Definition of theatrical in English:

theatrical

adjective

  • 1Relating to acting, actors, or the theatre.

    ‘theatrical productions’
    • ‘His stepfather, Ludwig Geyer, was an actor who roped the whole family into theatrical productions.’
    • ‘In the 20 or 25 years of his theatrical career, Shakespeare produced 37 plays.’
    • ‘In a play packed with theatrical metaphors, he suggests even dictators are actors.’
    • ‘Yes, Baltinglass Amateur Dramatics are back with a theatrical treat for us.’
    • ‘Fair enough, he criticises the theatrical performance, the acting, the drama, the setting.’
    • ‘He has recently performed in successful theatrical productions of Beau Brummel and Sleuth in the West End.’
    • ‘Mercer's dialogue required highly accomplished actors with years of theatrical experience.’
    • ‘The long silences really worked in a theatrical space.’
    • ‘Powell's dramatic presence is obvious and his theatrical contribution assisted greatly in telling the story.’
    • ‘In the end the play seems less a debate about modern art than a clever theatrical con trick in which we, like Adam, emerge decisively duped.’
    • ‘This is the theatrical equivalent of the whodunnit you buy at the airport as you go on holiday.’
    • ‘One of the greatest theatrical comebacks ever is about to be staged in the East End.’
    • ‘The company had an imaginative director and two budding theatrical costumiers who saved the day.’
    • ‘Much as I admire the new theatrical economy, I also feel a lot of American drama suffers from a telescoped urgency.’
    • ‘Schlusser has chosen a deliberately anarchic style for the story, subverting theatrical convention for effect.’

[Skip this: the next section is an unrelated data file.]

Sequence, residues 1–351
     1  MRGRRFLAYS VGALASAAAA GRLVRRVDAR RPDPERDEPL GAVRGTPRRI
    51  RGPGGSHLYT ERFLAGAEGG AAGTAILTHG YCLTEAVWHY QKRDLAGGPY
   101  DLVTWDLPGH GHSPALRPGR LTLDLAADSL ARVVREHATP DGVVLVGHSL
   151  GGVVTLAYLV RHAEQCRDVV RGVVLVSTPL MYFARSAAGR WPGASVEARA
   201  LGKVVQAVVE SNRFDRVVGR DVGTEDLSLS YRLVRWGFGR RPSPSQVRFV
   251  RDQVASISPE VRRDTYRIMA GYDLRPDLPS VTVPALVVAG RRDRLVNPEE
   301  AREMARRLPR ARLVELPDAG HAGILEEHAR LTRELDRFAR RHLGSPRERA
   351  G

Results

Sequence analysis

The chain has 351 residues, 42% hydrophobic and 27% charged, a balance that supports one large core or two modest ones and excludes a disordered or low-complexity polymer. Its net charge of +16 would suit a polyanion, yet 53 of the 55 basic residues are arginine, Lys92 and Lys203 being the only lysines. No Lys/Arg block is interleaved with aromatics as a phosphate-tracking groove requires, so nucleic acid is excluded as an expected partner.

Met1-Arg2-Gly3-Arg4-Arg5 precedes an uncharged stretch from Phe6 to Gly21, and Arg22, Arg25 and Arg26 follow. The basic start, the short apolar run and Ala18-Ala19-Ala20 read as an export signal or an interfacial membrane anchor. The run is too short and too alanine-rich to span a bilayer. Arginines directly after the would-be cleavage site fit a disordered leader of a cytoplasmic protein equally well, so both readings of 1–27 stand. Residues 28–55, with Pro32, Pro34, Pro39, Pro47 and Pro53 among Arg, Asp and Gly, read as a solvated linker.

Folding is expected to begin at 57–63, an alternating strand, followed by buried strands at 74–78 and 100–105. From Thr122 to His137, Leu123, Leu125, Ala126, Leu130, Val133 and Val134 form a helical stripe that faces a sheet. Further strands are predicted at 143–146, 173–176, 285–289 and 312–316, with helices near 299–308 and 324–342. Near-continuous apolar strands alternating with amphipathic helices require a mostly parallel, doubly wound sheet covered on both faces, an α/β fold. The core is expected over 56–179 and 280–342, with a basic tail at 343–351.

• ‘This was Siobhan's first major role in a theatrical production.’
    • ‘To some, he is a theatrical god, to others, an egotistical showman.’
    • ‘The basic conditions of theatrical performance force actors to use words and signs that the audience can understand.’
    • ‘I'm sure that he has appeared in many fine theatrical productions during his long career as actor.’
    • ‘The appeal of The Producers as a musical was its wicked wish to mock the whole pantomime of theatrical production and all who play in it.’
    • ‘He pulled and pushed at the social and theatrical conventions of his day and constantly experimented with new dramatic form and technique.’
    • ‘It by no means has the same effect eighty years later but the entertaining allegory remains a stimulating theatrical event.’
    stage, dramatic, thespian, dramaturgical
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    1. 1.1 Exaggerated and excessively dramatic.
      ‘Henry looked over his shoulder with theatrical caution’
      • ‘Try the theatrical manner in which the player fell to the ground clutching his face after an elbow had brushed his cheek.’
      • ‘He begins by telling me, in his theatrical manner, what attracted him to Sutton in the first place.’
      • ‘It's an undeniably theatrical production, as flamboyant as a Broadway musical.’
      • ‘‘Behold the wrath of a woman wronged!’ he stated in a theatrical manner, arms extended in front of him and palms upturned and pointing towards me.’
      • ‘Illuminated by a giant spotlight, Leon made a theatrical entrance to dramatic music.’
      • ‘Audience members left in a manner more theatrical than anything they had been watching.’
      • ‘Perhaps the music is theatrical and dramatic, and that is what it's all about.’
      • ‘Frequently theatrical and melodramatic, it captured the tensions of wartime Britain, thriving in enforced isolation.’
      • ‘Jackson shrugs his shoulders and waves his fingers in the air in a wild, gesticulating, heavily theatrical manner.’
      • ‘I wanted to have a show where I can dance and be more dramatic, theatrical.’
      • ‘Her interpretations are dramatic, even theatrical, but never ‘over the top’.’
      • ‘He opted for a strong theatrical style, exaggerating every tone and gesture and playing with great energy and ebullience.’
      exaggerated, ostentatious, actressy, stagy, showy, melodramatic, overacted, overdone, overripe, histrionic, actorly, affected, mannered, artificial, stilted, unreal, forced
      View synonyms

noun

  • A professional actor or actress.

    ‘a boarding house that catered for theatricals’
    • ‘Yes, I can just see myself at a home for retired theatricals, beret on at a rakish angle, red shoes, lipstick up to my nose, telling people how fantastic I was at the Royal Shakespeare Company.’
    • ‘She was the late, loved Dame Thora Hird, who lived the last months of her life in Brinsworth House home for retired theatricals.’

Origin

Mid 16th century: via late Latin from Greek theatrikos (from theatron ‘theatre’) + -al.

Pronunciation

theatrical

/θɪˈatrɪk(ə)l/